Google launched Fast Pair in 2018, which allows certain Bluetooth headphones to be quickly paired with Android devices and Chromebooks. Soon, Fast Pair will start automatically switching Bluetooth headphones to the device playing audio.
Some Bluetooth headphones have a feature called Multipoint, which allows them to automatically switch between paired devices (usually a maximum of two devices) based on audio output and priority. For example, if you’re listening to music from a tablet or PC and you receive a call on your phone, the headphones should automatically switch to the phone.
Google revealed today that it integrates Multipoint with Fast Pair, ensuring the two features work together. The company said, “Our audio switching technology leverages Fast Pair to use contextual information about what you’re listening to to change the audio based on your actions. We have more categories that are categorized to figure out how to prioritize sounds between phone calls, media, and any sounds your devices can make. So, for example, if you’re watching a video on your tablet and you get a notification on your phone, the audio from your headphones won’t come through to your phone. But if you receive a phone call, your headset sound will make the change.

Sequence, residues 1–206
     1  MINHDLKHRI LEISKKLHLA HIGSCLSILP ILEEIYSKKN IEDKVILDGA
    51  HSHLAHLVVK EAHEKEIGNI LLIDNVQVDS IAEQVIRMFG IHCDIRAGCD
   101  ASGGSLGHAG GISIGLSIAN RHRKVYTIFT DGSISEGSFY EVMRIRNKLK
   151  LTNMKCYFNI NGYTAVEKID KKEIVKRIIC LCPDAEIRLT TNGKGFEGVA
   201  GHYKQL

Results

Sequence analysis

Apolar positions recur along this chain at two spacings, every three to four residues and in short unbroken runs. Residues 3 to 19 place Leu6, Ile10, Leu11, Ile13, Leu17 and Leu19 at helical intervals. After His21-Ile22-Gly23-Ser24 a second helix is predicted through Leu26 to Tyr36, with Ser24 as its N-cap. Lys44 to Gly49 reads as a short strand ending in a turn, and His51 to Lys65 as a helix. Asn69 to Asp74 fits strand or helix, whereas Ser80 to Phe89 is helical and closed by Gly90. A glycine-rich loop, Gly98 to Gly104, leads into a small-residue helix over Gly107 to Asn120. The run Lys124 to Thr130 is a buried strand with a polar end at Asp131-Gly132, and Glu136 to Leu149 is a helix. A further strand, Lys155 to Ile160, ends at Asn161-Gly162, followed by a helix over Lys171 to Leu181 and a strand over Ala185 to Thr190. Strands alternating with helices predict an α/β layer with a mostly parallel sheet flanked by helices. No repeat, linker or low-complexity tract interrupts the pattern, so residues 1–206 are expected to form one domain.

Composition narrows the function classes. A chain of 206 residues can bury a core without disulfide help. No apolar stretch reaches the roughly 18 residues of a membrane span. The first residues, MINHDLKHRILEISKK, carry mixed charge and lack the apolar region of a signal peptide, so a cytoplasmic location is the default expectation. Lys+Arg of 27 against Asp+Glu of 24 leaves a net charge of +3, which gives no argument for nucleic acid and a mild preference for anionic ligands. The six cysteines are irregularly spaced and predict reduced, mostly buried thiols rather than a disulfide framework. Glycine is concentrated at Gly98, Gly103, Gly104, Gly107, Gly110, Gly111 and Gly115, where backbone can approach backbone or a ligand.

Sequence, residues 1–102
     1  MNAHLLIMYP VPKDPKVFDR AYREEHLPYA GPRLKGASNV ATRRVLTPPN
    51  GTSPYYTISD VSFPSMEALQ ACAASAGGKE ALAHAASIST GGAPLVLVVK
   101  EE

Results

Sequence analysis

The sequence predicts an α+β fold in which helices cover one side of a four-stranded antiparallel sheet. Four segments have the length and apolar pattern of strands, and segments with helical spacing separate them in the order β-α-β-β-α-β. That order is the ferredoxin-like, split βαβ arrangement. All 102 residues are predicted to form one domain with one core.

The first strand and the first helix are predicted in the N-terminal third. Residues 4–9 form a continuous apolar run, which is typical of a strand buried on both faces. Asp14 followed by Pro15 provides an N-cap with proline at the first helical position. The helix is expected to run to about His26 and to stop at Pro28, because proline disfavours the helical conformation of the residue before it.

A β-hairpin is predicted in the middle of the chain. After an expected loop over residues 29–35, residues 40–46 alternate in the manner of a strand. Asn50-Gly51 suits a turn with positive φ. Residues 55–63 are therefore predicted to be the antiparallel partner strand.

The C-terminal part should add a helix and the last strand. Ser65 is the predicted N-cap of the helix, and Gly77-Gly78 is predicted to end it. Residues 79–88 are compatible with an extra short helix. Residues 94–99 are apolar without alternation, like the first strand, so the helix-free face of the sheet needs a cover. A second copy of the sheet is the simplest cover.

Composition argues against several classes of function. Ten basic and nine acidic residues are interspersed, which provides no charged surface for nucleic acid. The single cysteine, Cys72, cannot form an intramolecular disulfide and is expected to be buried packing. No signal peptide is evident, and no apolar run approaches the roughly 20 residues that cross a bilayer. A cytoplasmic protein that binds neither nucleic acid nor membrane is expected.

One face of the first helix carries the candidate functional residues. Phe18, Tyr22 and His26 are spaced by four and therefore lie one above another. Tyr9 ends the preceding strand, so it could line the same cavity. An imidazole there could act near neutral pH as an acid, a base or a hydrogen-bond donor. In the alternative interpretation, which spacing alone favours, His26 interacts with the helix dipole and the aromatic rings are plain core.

Crucially, it doesn’t seem to bring multipoint to all headphones and speakers that already support Fast Pair, including the JBL Live 660NC, Harman Kardon Fly, and older Google Pixel Buds. Audio switching will only be available on the new Pixel Buds Pro at first, and it’s coming to “select Sony and JBL headphones in the coming weeks.” The feature does not yet work with Chromebooks, only Android phones and tablets.
The main advantage of Google’s feature over standard multipoint is the ability to quickly reverse auto-switching. Switching connected devices can be tricky with Bluetooth Multipoint, but Google shows a notification when switching that makes it quick to reverse the action.